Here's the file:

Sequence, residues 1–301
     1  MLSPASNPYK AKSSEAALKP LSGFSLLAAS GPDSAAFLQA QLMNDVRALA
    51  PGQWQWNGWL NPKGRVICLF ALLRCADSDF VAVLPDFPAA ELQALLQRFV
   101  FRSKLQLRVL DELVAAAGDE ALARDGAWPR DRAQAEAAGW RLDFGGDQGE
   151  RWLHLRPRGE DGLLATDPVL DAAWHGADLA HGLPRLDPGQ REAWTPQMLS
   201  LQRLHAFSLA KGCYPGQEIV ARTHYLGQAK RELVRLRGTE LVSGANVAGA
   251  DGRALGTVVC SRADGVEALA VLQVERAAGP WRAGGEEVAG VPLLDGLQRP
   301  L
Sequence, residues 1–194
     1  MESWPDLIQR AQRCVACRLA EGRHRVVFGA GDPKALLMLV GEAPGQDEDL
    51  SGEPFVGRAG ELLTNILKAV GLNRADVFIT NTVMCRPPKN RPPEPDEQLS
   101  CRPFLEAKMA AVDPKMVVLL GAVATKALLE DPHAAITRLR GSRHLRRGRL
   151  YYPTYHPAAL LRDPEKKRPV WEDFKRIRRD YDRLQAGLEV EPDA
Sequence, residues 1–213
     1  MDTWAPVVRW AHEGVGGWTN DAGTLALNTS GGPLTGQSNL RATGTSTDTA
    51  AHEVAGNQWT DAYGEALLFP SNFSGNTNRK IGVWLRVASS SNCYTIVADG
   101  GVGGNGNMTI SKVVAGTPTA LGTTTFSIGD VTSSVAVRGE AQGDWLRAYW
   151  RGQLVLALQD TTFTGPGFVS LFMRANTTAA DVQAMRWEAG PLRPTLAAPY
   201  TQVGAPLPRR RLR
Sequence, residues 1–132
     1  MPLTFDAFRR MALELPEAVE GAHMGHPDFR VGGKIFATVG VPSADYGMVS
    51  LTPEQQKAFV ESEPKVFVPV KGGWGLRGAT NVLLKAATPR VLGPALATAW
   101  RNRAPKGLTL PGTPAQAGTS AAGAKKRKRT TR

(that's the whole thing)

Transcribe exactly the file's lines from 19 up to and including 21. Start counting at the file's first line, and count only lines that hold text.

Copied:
   201  TQVGAPLPRR RLR
Sequence, residues 1–132
     1  MPLTFDAFRR MALELPEAVE GAHMGHPDFR VGGKIFATVG VPSADYGMVS